According to the World Health Organization, 422 million people worldwide have diabetes, the majority living in low-and middle-income countries, and 1.5 million deaths are directly attributed to diabetes each year. Both the number of cases and the prevalence of diabetes have been steadily increasing over the past few decades. More than 34 million Americans have diabetes (about 1 in 10), and approximately 90-95% of them have type 2 diabetes. Type 2 diabetes most often develops in people over age 45, but more and more children, teens, and young adults are also developing it.
What is A1c test used for?
The A1C test, also known as the hemoglobin A1C or HbA1c test is a simple blood test that measures the average blood sugar levels over the past 3 months. It a test used to identify prediabetes, which raises a person’s risk for diabetes. It can also be used to diagnose diabetes, and it is used to monitor how well diabetes treatment is working overtime. It is also a critical step in formulating a plan for the management of diabetes with the diabetes care team.
The glucose that enters the bloodstream, attaches to hemoglobin, a protein in the red blood cells. Everybody has some sugar attached to their hemoglobin, and the higher the blood sugar levels, the more glucose is attached to the hemoglobin. The A1C test measures the percentage of the red blood cells that have sugar-coated hemoglobin.
Who should get tested for A1c?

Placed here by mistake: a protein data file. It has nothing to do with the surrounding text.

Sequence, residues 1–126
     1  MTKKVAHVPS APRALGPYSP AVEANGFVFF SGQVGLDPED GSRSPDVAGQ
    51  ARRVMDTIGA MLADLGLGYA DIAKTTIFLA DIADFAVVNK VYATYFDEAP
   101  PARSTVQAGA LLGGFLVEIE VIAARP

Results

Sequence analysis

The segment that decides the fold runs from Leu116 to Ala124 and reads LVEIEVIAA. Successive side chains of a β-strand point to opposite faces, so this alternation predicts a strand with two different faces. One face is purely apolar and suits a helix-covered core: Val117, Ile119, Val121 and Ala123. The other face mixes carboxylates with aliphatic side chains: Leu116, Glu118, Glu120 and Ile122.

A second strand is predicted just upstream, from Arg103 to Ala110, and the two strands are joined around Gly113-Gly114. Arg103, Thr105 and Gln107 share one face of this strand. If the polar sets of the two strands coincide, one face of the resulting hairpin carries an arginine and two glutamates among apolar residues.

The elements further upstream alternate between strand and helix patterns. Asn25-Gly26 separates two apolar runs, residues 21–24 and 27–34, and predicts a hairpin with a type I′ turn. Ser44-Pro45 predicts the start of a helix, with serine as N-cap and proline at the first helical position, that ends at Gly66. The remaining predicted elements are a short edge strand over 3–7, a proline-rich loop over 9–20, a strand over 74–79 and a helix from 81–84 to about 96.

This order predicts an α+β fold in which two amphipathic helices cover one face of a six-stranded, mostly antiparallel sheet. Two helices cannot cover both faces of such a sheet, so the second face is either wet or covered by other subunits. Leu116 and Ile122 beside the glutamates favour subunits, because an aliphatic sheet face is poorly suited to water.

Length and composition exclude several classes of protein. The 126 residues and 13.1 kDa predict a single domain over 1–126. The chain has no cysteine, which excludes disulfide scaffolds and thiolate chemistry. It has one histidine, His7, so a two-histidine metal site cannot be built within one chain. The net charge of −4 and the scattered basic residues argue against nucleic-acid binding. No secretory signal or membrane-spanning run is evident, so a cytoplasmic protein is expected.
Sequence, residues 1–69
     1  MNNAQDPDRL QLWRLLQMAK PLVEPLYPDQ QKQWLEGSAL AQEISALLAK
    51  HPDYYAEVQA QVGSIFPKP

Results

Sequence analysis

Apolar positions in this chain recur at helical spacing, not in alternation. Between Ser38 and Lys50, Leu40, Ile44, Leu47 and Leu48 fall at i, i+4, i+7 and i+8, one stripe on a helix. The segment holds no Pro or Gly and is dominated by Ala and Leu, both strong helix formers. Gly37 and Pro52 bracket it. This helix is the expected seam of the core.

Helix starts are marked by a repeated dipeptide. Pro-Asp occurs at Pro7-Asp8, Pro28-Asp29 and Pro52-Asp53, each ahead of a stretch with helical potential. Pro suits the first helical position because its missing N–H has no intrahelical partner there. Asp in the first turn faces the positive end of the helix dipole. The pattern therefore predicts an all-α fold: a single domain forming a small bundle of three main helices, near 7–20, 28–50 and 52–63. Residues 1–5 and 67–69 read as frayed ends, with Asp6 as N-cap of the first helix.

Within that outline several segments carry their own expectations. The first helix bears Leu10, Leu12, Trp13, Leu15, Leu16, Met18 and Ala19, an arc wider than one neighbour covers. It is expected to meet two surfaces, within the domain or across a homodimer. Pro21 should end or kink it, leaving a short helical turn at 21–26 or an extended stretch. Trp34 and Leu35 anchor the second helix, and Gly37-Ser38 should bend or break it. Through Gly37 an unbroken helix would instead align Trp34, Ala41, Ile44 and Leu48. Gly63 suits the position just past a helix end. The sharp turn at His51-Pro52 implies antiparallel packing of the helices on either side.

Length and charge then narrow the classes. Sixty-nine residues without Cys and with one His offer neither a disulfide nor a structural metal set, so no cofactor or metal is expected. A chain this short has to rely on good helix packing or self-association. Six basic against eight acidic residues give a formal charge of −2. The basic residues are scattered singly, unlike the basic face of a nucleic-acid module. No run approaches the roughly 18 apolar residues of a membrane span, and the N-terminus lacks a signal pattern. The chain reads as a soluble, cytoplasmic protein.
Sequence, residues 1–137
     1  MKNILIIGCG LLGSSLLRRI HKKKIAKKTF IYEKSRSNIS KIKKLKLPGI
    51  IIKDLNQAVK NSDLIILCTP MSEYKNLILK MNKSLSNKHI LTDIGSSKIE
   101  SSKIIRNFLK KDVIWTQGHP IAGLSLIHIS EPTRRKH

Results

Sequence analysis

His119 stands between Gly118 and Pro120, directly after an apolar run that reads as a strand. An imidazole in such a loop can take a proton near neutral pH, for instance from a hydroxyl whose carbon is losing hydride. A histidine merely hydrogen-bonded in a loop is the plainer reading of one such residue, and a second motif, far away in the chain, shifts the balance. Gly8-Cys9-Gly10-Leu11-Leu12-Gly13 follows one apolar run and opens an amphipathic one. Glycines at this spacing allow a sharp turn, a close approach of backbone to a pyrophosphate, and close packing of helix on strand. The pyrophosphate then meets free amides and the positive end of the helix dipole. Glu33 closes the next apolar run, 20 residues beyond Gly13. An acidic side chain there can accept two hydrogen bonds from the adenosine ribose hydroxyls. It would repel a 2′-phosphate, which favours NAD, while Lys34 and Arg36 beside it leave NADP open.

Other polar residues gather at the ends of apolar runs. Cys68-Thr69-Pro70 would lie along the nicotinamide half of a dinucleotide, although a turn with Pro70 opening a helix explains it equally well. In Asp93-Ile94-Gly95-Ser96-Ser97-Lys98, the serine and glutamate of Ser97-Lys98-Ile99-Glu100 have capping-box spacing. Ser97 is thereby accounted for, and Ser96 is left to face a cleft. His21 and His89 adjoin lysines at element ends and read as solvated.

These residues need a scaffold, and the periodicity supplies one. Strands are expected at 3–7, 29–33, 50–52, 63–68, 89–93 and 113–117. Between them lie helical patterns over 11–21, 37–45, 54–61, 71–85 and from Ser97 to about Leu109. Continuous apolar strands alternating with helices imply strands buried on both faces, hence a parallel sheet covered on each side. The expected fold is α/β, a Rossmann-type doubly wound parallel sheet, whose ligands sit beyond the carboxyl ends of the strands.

The CDC recommends the following people to test for A1c:
An adult over age 45, or if under 45, and overweight, and have one or more risk factors for prediabetes or type 2 diabetes.
An adult over 45 with normal A1c levels but, have risk factors, or have ever had gestational diabetes, to repeat the A1C test every 3 years.
Adults with pre-diabetes.
Adults with diabetes and also being managed for diabetes:
How do you interpret the A1c results?
According to the American Diabetes Association, a normal A1C level is below 5.7%, a level of 5.7% to 6.4% indicates prediabetes, and a level of 6.5% or more indicates diabetes. Within the 5.7% to 6.4% prediabetes range, the higher the A1C, the greater the risk is for developing type 2 diabetes.
A1C result can also be reported as eAG or estimated average glucose. eAG is similar to the readings seen with a glucometer but the values are usually higher than the glucometer readings because glucometer tests are usually done earlier and before breakfast, unlike the A1c which is done at any time of the day.
An eAG level of 117mg/dl is equivalent to A1c of 5.7%; 117mg/dl to 137mg/dl is equivalent to A1c of 5.7% to 6.4%( prediabetes), while 137mg/dl is equivalent to A1c of 6.5% (used as cut off for diabetes).
While A1c is a good test to use in monitoring results in diabetes, it does not take the place of regular blood glucose monitoring using the glucometer. The glucometer measures fluctuations in the daily control of glucose, which the A1c cannot do. Thus two people may have the same A1c value, but one has a steady blood sugar levels and the other has high and low swings of blood glucose which is associated with more complications.
What can affect the A1c values?
A1c values can be increased or decreased in the following conditions:
- Kidney failure, liver disease, or severe anemia
- Being of African, Mediterranean, or Southeast Asian descent
- Certain blood disorders (such as sickle cell anemia or thalassemia)
- Certain medicines, including opioids and some HIV medications
- Blood loss or blood transfusions
- Early or late pregnancy